John Cale John CaleShifty Adventures In Nookie Wood
Over a career spanning half a century, John Cale has traced many trails; from drone to folk, avant-garde experimental to proto-punk. Since leaving The Velvet Underground in 1968, he has released around 30 albums, producing – amongst others – the debuts of Patti Smith, The Stooges and The Modern Lovers. In short: John Cale has nothing to prove.
Without the over-riding compulsion to impress, John Cale is free to do as he pleases. This has its cons. John Cale is free to call his album “Shifty Adventures In Nookie Wood”. John Cale is free to make all-too-liberal use of a vocoder. Thankfully, however, the positive qualities of this album far out-weigh the aforementioned.
The album opens with “I Wanna Talk 2 U”, produced by Danger Mouse. It’s a swaggering treat of a track, with shimmering guitars, a driving bass and a pleasingly seedy underbelly. Like descending the stone steps into a downtown club, you can feel the stale smoke on your skin as you breathe in the faded glamour of the sticky velvet seats. It’s screaming to score a Ryan Gosling smoulder.
“Vampire Café” is a similarly satisfying slice of twisted pop. It stutters along like a faulty wind-up toy, all melancholic, mechanical melodies, a dystopian Disney out-take. With glorious backing vocals (that wouldn’t feel out of place on a Cohen classic), an unsettling piano line and the lingering ghost of a viola; this is a real stand-out track. “Living With You” is also a highlight. A heart-wrenchingly tender cut, with an engaging vocal line, the closest Cale’s distinct baritone gets to a Scott Walker croon.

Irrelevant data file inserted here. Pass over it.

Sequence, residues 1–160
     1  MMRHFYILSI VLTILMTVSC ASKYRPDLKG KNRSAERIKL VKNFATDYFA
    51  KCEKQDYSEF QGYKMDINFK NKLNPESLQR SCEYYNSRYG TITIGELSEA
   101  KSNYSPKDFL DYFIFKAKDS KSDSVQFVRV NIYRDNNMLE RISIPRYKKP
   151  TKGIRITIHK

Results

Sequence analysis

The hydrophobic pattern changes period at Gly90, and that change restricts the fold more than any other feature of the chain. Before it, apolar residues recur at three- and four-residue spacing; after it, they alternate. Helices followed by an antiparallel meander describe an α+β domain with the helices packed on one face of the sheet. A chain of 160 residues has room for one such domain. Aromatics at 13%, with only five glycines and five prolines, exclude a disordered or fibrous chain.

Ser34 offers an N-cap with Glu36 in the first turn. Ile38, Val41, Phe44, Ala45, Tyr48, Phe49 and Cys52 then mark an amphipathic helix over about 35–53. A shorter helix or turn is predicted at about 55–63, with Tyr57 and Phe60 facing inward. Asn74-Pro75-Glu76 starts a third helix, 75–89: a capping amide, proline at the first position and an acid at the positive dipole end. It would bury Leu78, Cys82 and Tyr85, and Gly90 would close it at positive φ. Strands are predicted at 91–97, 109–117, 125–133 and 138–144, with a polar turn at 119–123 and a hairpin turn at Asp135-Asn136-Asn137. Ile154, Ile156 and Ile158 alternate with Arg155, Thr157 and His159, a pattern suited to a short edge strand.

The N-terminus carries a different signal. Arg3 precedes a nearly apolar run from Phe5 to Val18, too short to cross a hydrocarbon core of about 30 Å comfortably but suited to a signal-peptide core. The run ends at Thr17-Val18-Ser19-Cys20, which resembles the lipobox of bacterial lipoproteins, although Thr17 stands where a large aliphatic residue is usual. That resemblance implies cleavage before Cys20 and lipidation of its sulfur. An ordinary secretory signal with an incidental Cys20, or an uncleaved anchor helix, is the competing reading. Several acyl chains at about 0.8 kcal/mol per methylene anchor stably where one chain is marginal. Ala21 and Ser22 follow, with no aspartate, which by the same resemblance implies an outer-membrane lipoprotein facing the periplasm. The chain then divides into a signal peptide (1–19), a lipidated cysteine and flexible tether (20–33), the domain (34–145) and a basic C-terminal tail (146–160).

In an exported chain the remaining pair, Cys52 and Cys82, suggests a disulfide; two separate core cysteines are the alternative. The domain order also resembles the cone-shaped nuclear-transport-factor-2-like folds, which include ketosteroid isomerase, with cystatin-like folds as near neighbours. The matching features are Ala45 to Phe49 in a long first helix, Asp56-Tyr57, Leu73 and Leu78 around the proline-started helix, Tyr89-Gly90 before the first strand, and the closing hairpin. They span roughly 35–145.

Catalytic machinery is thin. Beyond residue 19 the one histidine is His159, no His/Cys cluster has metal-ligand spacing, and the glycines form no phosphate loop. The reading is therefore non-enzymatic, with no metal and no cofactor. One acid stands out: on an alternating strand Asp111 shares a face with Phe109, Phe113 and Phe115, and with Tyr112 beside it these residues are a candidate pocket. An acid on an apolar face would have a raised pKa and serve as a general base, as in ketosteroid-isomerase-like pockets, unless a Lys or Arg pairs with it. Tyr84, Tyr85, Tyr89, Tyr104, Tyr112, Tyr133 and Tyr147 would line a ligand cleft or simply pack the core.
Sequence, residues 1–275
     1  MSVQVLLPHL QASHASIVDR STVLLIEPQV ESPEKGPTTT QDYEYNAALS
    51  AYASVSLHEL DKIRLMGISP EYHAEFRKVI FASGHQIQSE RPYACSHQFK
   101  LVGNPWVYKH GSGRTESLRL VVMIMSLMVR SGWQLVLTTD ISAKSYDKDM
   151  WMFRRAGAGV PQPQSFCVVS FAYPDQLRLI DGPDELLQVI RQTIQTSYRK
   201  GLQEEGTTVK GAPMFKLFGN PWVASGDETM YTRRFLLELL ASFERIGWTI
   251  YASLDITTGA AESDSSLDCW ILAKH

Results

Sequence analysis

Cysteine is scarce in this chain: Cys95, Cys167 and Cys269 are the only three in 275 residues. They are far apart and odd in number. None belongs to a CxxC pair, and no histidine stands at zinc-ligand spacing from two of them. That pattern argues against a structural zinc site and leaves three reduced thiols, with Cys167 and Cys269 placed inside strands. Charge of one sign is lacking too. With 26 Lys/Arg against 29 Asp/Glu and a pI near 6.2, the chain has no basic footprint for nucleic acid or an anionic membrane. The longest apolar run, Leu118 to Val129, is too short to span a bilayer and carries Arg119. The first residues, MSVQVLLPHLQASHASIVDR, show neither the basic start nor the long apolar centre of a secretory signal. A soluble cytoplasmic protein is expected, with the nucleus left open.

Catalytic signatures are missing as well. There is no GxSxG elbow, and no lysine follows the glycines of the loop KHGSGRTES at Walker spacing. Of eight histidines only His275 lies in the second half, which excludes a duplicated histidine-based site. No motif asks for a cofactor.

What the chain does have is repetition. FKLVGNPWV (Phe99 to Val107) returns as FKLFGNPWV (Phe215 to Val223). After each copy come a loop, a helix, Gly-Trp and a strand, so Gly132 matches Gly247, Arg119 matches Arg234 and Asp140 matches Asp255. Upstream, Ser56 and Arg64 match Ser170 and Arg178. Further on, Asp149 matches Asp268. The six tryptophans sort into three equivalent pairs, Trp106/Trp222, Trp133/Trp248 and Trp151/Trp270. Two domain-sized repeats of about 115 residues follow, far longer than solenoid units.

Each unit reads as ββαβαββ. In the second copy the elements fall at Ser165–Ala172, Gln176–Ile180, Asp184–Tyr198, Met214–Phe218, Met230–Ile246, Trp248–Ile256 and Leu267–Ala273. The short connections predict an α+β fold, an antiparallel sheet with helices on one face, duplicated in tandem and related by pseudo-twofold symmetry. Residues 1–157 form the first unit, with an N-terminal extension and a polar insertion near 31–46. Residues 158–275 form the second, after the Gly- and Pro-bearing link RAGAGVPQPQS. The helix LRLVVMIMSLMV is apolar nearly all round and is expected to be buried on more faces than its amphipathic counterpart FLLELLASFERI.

At 70 John Cale still boasts the enthusiasm and curiosity of a man 50 years his junior; but never fails to imbue his verve with half a century of experience. Pop, punk or classical: the man knows how to construct a tune. On “Mothra” Cale sings “try something new today”. Admittedly taking the lyric completely out of context, this is how Cale ensures his relevance. He does not stand still, a sonic-pioneer, never resting on his laurels. Granted “Shifty Adventures In Nookie Wood” does not seer with the vital immediacy of some of his adventures, but not all paths lead to brilliance. The key point is that 50 years on John Cale is still forging new trails; and I for one am still eager to follow.